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After Five Years of Harper, are Canadian women better off?

Posted on January 14, 2011

The year is 1967. The Royal Commission on the Status of Women reports that Canadian women make up only 6.3% of appointees to federal agencies, Crown Corporations and Task Forces.

Fast forward to 2005. Women make up about 37% of all appointments – still a long way from equal gender representation, but progress nonetheless.

I was curious to see what progress the Conservatives had made closing the gender gap, so I asked the government to provide me with a report on the number of women appointed to federal agencies over the past five years.

I was shocked at the response.

According to documents from the Privy Council, the percentage of women appointed to federal agencies fell to 32.5% between February 2006 and May 2010, including 26.7%  on Crown boards.

When questioned by CBC News about this steep decline, Conservative Senator Marjorie LeBreton quipped, “it has nothing to do with a lack of commitment to promoting women.”

I beg to differ.

The decline in female representation under the Conservatives is only one example of the Stephen Harper’s lack of commitment to achieving meaningful gender equality.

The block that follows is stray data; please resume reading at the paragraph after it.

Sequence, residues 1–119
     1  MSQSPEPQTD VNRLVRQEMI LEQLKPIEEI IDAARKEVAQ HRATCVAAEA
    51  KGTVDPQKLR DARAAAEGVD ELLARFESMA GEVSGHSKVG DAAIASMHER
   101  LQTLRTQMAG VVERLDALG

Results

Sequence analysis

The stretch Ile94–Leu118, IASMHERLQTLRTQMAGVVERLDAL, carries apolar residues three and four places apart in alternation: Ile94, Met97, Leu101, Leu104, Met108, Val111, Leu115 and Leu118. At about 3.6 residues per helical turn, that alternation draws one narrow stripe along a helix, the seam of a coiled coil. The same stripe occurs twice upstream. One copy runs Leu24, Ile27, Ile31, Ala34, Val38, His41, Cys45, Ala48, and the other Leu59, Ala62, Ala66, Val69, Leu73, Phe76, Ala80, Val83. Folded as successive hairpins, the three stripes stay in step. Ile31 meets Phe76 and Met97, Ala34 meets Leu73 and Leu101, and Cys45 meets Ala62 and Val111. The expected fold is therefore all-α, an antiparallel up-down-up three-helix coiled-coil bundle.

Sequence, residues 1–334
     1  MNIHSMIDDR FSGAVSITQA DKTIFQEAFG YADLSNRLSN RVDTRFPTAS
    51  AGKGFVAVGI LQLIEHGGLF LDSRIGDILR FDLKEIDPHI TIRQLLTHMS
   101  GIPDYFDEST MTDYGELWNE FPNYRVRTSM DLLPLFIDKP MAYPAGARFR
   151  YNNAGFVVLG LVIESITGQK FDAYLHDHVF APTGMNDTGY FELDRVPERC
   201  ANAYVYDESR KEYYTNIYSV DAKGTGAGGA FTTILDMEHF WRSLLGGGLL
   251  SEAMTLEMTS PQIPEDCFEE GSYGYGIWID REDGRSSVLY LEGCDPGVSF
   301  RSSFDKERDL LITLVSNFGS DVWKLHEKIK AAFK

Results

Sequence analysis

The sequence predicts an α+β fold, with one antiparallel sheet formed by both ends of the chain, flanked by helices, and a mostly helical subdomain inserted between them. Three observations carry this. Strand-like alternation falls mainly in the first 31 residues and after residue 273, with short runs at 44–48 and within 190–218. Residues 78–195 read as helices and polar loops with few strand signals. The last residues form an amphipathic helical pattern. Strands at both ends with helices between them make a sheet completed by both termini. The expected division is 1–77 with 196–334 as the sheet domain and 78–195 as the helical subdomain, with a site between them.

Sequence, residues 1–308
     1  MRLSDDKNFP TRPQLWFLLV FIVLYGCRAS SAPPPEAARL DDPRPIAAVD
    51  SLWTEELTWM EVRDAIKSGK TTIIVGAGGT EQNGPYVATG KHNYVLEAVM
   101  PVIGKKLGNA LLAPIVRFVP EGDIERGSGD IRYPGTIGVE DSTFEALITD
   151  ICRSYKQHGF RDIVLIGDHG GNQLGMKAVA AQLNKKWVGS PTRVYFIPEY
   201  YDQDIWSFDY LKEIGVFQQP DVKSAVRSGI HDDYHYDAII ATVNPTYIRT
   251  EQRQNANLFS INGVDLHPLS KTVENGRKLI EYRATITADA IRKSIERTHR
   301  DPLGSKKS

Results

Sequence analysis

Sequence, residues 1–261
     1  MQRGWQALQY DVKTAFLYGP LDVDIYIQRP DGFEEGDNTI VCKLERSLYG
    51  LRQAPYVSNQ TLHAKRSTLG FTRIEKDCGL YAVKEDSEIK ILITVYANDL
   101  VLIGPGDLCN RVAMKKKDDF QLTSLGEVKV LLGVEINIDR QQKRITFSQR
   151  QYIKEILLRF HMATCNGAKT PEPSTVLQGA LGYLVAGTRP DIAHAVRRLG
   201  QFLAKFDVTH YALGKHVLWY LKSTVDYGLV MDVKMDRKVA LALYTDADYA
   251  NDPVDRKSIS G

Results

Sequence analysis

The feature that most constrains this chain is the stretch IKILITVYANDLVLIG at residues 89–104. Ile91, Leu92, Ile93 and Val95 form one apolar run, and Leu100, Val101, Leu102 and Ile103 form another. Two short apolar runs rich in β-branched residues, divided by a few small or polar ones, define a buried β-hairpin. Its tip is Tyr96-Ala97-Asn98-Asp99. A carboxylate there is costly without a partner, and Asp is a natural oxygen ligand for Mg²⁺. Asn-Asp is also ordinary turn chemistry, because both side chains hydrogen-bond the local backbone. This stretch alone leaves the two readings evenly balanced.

Over the past five years the Harper Conservatives have made substantial cuts to the regional offices of Status of Women Canada, cancelled funding for research and advocacy by women’s organizations, scrapped the long-form census used by policy makers to analyze gender representation, cancelled the Court Challenges Program, and launched an ideological crusade to eliminate the life-saving long-gun registry. And the list goes on.

Liberals have never accepted the excuse that there aren’t enough qualified women to achieve equal gender representation.  We haven’t forgotten the government’s obligation to achieve diversity in its own appointments.

Let’s not forget that it was under the previous Liberal government that the percentage of women appointees reached about 37% from 2002 to 2005. We did it by having a structured appointment process and a clear goal: more female appointments.

Improving gender equality requires leadership. But leadership only exists when there is a real commitment to change – clearly something the Conservative government is lacking.

As women, we need to ask ourselves: after five years of Harper, are we better off?


Anita Neville is the Liberal Status of Women Critic

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